Grandma Mooney and the rest of my Mom’s family lived in a holler.  For those who aren’t from the south, a holler is a small valley between mountains.  There was only one way in and one way out of the holler. Now you know what all those country songs are talking about. You’re welcome.

To digress one again, I got in trouble at school once for saying and writing holler when my northern-born teacher thought it ought to be “hollow.” Apparently, I wasn’t one to back down from a debate despite my young age. Seems my mother was not immune to the dreaded “parent/teacher conference” any more than I was when my kids were growing up.

Now when my mother was younger, about five or six or so, she had a young friend who lived down the dirt road from her, and he would come by her house to play with her. Or at least…he tried. For reasons unknown to anyone but herself, Grandma Mooney loved to prank this poor young boy.   No-one was ever able to figure out why; it was a secret known only to Grandma Mooney.  Knowing her, it started as a joke and was so hilarious to her that she just continued doing it.

At any rate, the whole premise behind the “joke” was, is there a demon haunting the Mooney house or isn’t there a demon haunting the Mooney house?

And it went like this: my Grandma Mooney would pull a hideous Halloween mask over her head (and we’re talking back in the day when they really knew how to make Halloween scary), and would sit lurking…lurking…waiting for the boy to come up the road to the house.  Then, it was show time.

Grandma Mooney, in this creepy as hell mask, would pop her head up at the window just in time to scare this little boy half to death as he walked up on the porch.

The terrified boy would run home crying to his parents about the insanely frightening witch or monster that dwelled in his friend’s house.  The parents would march over immediately to find out exactly what was going on, as any good parent would do.

Grandma Mooney was ever the innocent hostess. I mean butter wouldn’t melt in her mouth when she put on her “who me?” act.  I can imagine her taking the parents in for coffee, all the while claiming she had no idea what the poor little boy was talking about.  She kept her bluff face on the entire time and never once cracked or confessed.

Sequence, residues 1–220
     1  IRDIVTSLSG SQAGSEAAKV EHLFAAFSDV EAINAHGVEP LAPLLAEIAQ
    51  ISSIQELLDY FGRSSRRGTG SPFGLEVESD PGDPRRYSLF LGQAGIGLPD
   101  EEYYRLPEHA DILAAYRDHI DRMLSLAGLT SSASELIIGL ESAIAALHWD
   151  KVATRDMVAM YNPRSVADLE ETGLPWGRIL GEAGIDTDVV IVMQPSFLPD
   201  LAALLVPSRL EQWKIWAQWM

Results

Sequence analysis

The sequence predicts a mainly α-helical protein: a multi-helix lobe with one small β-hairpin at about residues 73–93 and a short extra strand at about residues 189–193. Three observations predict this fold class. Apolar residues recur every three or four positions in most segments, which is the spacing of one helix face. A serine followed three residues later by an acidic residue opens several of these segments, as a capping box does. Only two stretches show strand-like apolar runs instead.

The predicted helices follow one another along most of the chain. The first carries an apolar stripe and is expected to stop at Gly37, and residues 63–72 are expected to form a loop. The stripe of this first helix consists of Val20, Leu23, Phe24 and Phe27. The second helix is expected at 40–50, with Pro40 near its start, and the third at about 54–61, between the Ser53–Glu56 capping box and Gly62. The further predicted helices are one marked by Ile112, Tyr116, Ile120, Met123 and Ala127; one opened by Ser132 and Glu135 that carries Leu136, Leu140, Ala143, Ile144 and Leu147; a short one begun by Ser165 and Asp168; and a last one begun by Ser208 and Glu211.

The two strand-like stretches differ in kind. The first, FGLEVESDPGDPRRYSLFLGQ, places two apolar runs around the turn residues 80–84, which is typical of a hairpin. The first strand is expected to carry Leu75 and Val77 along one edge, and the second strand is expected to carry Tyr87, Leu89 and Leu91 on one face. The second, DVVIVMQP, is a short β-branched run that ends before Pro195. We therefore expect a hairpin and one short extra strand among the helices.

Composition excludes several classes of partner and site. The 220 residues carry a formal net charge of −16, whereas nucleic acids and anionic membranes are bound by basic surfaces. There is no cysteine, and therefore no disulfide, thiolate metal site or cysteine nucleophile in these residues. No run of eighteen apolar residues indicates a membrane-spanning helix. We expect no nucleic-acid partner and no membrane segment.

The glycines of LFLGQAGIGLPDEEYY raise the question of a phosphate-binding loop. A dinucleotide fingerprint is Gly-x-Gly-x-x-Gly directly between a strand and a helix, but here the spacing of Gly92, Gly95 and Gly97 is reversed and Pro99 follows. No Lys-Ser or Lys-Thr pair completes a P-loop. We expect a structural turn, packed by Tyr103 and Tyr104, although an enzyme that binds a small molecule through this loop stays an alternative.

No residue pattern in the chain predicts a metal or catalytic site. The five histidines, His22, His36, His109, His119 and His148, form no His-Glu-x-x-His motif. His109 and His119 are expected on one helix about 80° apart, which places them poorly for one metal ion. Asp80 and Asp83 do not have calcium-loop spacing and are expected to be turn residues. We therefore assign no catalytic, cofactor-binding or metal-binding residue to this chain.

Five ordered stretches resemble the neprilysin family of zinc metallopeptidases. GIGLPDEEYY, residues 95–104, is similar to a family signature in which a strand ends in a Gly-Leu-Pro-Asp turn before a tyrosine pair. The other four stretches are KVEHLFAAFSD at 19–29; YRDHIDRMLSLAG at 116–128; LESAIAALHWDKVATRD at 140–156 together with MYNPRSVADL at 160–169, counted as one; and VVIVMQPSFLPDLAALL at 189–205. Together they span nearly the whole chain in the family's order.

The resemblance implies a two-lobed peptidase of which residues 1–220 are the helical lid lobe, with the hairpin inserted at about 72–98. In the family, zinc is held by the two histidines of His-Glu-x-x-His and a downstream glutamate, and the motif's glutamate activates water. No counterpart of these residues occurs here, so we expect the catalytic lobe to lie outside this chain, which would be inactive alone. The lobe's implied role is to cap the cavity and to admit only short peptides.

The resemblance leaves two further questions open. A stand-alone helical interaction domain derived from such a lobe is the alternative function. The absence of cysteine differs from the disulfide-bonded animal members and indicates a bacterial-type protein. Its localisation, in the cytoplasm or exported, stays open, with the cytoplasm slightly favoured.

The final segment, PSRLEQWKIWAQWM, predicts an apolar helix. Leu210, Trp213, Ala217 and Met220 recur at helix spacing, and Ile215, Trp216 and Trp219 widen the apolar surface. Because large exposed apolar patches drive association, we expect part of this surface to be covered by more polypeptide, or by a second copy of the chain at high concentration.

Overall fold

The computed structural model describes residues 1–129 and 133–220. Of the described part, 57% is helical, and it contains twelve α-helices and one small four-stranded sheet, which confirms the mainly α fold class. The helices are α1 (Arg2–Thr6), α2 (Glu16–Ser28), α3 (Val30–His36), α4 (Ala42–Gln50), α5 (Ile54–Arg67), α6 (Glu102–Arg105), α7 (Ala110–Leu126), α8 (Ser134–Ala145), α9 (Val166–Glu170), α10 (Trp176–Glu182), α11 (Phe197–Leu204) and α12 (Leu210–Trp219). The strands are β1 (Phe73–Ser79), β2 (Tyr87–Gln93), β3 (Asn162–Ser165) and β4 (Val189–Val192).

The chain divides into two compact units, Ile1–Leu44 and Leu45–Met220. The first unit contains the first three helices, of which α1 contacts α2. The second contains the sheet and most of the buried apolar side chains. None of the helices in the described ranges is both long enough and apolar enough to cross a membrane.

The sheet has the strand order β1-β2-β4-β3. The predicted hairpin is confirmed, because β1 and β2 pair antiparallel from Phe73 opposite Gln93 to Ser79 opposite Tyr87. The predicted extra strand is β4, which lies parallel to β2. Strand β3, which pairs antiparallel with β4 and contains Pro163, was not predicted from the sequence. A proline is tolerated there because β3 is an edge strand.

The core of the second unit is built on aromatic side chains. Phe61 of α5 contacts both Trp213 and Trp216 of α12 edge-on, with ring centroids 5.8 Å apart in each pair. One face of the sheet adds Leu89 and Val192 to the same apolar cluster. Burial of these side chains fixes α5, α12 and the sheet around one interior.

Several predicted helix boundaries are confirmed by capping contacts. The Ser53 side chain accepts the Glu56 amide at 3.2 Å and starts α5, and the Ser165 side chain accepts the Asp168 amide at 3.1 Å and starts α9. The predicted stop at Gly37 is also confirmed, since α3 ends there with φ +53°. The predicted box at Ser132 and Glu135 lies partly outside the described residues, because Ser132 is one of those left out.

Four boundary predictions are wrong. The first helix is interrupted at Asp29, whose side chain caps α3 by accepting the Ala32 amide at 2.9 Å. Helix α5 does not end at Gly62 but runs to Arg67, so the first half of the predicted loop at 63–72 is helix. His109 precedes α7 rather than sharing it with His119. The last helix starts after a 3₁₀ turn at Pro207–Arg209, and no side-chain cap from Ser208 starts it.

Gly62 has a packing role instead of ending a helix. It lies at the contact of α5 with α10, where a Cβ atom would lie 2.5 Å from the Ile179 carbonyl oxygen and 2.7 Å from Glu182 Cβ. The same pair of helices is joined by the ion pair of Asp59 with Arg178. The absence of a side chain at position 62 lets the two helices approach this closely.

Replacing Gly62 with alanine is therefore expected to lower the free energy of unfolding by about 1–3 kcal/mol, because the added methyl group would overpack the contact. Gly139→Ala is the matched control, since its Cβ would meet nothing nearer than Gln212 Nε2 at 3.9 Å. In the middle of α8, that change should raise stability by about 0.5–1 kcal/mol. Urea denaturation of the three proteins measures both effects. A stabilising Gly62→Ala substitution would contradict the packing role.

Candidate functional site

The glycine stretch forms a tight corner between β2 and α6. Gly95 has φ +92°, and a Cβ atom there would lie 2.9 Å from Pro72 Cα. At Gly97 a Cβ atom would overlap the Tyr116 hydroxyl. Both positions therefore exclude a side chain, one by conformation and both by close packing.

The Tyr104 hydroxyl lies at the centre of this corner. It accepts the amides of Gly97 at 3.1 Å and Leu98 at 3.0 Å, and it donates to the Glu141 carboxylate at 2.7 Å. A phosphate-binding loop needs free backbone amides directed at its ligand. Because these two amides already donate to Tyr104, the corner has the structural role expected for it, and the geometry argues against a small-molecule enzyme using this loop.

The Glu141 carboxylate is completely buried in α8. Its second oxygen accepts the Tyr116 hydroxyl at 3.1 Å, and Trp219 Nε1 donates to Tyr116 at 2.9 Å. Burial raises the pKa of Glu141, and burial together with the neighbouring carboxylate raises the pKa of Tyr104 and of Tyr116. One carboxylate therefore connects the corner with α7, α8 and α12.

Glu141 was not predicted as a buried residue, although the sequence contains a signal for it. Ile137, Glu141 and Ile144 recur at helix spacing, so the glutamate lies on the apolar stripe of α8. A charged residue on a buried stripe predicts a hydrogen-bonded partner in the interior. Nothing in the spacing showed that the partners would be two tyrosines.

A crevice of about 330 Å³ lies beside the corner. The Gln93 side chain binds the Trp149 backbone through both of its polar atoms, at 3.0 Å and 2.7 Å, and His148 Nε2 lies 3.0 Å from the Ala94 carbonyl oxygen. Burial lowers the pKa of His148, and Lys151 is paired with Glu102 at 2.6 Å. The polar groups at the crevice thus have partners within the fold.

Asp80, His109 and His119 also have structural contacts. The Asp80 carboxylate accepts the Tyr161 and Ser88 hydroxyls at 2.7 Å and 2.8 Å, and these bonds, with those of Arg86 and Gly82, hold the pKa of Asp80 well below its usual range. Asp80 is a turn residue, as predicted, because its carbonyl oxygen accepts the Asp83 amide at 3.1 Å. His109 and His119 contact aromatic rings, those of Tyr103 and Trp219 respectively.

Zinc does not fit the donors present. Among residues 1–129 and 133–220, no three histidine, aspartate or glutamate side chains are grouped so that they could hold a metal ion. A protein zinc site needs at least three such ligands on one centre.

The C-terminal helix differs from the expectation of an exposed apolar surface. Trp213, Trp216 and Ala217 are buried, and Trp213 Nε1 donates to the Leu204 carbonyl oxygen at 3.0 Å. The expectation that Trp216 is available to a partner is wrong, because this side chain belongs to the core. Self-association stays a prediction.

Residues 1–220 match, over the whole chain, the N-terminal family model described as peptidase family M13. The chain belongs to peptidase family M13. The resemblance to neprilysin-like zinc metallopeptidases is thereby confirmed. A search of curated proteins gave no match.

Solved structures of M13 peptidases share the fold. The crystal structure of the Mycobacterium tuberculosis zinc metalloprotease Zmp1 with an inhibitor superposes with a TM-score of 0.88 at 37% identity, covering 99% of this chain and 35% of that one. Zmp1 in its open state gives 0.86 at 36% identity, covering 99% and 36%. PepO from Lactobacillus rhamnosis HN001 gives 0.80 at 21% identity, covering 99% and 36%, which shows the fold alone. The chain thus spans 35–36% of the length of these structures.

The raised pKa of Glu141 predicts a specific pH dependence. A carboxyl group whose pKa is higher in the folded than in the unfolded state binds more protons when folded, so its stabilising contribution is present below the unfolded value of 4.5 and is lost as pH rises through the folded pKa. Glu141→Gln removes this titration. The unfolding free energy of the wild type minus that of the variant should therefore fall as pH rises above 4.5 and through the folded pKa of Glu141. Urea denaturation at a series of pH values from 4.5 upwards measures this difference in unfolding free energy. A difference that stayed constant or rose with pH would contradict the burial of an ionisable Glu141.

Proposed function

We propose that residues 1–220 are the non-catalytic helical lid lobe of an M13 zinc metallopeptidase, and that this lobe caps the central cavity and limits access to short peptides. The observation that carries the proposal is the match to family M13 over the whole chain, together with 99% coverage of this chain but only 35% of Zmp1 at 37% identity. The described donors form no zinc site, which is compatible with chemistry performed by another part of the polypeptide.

I don’t know if the little boy ever got punished for telling “wild tales.” Given the parenting techniques of the day though, I wouldn’t be surprised if a trip or two to the woodshed had been in order. What I do picture, though, is this child growing up and ending up in therapy, never able to trick or treat or watch a scary movie, or even believe his own eyes for that matter.

Word carries quickly in the usually close-knit communities in the mountains of WV.  I’m sure word got out about the demon? monster? madwoman? who lived in my mother’s house.  Amazingly enough, my mom still had friends who would come visit her.

my great-grandparents (Grandma and Grandpa Mooney)

my great-grandparents (Grandma and Grandpa Mooney)

 

Motivation

People inclined to motivational prose say “go big or go home”… as if going home is a bad thing. I’ve just never understood that mentality.  I’m over here like, “Hell yes, I want to go home! And I’m going to have a yummy snack and watch a movie when I get there. Might even take a nap.” Go big. Pfft.